Genital and Oral Herpes 生殖器和口腔疱疹





Dr. Amanda Clarke explains about the transmission, signs and symptoms, treatment and prevention of oral and genital herpes.




Dr. Masliza Zaid explains about the symptoms, modes of transmission, treatment and prevention of oral and genital herpes. Please SUBSCRIBE to TemanTeman.org official YouTube channel for more expert advise videos on HIV/AIDS.

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Herpes is a very contagious disease, and is easily spread through contact with the affected area. Herpes can be transmitted not only through sexual intercourse, but also through oral and anal sex with your partner who might not even know or show no signs of herpes.  Herpes can be treated but can n
ot be cured and once infected the virus stays in skin and nerve cells for life. Condoms can help reduce the risk against Herpes however condoms only protect certain area that they cover. Most of the time it is dormant and causes no symptoms, but from time to time it can flare up. This tends to happen when the immune system is weakened, in situations of stress, during a cold or on exposure to strong ultraviolet light, even in people without HIV. Such attacks occur more frequently in children and the elderly, since these groups tend to have less efficient immune systems than adults.

Herpes may play a role in the spread of HIV making people more susceptible to HIV infection, and it can make HIV-infected individuals more infectious. Men who have sex with men are advised to practise safe sex and get screened for STDs every 3 months with your partner to avoid getting infected with Herpes and other STDs.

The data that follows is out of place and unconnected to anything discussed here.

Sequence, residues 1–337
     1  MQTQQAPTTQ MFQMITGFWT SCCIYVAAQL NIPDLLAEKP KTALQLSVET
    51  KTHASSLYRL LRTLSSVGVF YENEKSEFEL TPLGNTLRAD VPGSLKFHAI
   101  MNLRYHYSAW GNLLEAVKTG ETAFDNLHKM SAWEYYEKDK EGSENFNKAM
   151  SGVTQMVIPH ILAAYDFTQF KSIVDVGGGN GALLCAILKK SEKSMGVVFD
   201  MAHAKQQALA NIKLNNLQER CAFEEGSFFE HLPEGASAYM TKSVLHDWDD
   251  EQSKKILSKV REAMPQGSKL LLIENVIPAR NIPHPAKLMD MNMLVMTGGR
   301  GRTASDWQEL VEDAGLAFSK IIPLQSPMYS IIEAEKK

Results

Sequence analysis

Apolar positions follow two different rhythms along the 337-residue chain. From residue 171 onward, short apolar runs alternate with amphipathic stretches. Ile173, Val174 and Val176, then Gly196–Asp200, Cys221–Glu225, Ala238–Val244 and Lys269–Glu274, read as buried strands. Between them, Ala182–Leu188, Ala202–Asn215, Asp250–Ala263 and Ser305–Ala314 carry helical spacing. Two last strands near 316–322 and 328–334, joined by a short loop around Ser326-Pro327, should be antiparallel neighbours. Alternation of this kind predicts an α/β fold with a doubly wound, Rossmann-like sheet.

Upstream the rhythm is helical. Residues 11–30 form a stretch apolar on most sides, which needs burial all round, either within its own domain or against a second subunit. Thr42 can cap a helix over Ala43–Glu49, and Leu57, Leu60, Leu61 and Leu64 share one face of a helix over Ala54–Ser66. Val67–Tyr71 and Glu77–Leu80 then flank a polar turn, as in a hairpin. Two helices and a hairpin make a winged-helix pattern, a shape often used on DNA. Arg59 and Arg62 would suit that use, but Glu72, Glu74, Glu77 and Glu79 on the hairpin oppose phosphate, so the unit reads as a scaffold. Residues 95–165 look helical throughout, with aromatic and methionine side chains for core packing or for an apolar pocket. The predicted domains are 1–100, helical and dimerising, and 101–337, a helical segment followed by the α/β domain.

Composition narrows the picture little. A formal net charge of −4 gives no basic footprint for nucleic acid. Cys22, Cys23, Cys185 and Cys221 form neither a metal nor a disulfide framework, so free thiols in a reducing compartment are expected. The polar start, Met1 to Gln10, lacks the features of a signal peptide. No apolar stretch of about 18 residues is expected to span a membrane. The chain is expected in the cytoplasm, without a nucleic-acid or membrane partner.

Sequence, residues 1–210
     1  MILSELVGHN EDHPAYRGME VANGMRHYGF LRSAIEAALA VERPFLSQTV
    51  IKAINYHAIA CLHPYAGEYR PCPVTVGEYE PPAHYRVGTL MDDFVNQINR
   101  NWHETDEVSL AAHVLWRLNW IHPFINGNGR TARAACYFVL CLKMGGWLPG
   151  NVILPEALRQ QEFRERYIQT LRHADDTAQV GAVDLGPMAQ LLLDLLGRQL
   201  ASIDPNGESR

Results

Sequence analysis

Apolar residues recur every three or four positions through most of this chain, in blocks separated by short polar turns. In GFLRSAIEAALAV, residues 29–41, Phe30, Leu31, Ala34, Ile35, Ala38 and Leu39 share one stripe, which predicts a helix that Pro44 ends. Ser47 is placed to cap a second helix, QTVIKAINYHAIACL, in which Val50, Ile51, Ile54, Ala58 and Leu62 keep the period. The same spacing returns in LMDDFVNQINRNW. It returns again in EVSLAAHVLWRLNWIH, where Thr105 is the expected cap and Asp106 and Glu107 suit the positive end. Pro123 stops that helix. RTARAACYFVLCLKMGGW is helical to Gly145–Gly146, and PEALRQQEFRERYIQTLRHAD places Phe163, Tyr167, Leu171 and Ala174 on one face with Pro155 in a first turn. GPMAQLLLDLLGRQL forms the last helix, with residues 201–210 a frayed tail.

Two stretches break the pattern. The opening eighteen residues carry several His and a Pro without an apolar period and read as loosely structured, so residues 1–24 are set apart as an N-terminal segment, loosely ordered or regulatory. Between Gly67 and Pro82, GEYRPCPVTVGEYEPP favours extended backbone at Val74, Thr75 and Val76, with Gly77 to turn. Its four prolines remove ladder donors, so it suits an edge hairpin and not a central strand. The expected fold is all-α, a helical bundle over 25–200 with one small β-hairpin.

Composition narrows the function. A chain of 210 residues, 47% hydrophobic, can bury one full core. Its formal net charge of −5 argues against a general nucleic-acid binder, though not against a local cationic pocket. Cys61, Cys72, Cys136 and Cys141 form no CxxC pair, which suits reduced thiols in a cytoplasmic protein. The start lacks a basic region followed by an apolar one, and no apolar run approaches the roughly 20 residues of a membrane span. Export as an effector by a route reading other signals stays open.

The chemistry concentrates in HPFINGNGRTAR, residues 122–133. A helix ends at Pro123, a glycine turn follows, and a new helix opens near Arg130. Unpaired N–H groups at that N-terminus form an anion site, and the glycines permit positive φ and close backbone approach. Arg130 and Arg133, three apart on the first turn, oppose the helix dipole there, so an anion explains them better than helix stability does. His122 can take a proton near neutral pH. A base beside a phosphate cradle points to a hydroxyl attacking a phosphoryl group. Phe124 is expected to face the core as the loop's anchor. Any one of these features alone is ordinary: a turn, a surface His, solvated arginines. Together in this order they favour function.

What is genital herpes?


Genital Herpes is a sexually transmitted disease (STD) caused by the herpes simplex viruses type 1 (HSV-1) or type 2 (HSV-2). Most genital herpes is caused by HSV-2. Most individuals have no or only minimal signs or symptoms from HSV-1 or HSV-2 infection. When signs do occur, they typically appear as one or more blisters on or around the genitals or rectum. The blisters break, leaving tender ulcers (sores) that may take two to four weeks to heal the first time they occur.

Typically, another outbreak can appear weeks or months after the first, but it almost always is less severe and shorter than the first outbreak.  Although the infection can stay in the body indefinitely, the number of outbreaks tends to decrease over a period of years.

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How do people get genital herpes?

HSV-1 and HSV-2 can be found in and released from the sores that the viruses cause, but they also are released between outbreaks from skin that does not appear to have a sore. Generally, a person can only get HSV-2 infection during sexual contact with someone who has a genital HSV-2 infection. Transmission can occur from an infected partner who does not have a visible sore and may not know that he or she is infected.

HSV-1 can cause genital herpes, but it more commonly causes infections of the mouth and lips, so-called “fever blisters.” HSV-1 infection of the genitals can be caused by oral-genital or genital-genital contact with a person who has HSV-1 infection. Genital HSV-1 outbreaks recur less regularly than genital HSV-2 outbreaks.

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What are the signs and symptoms of genital herpes?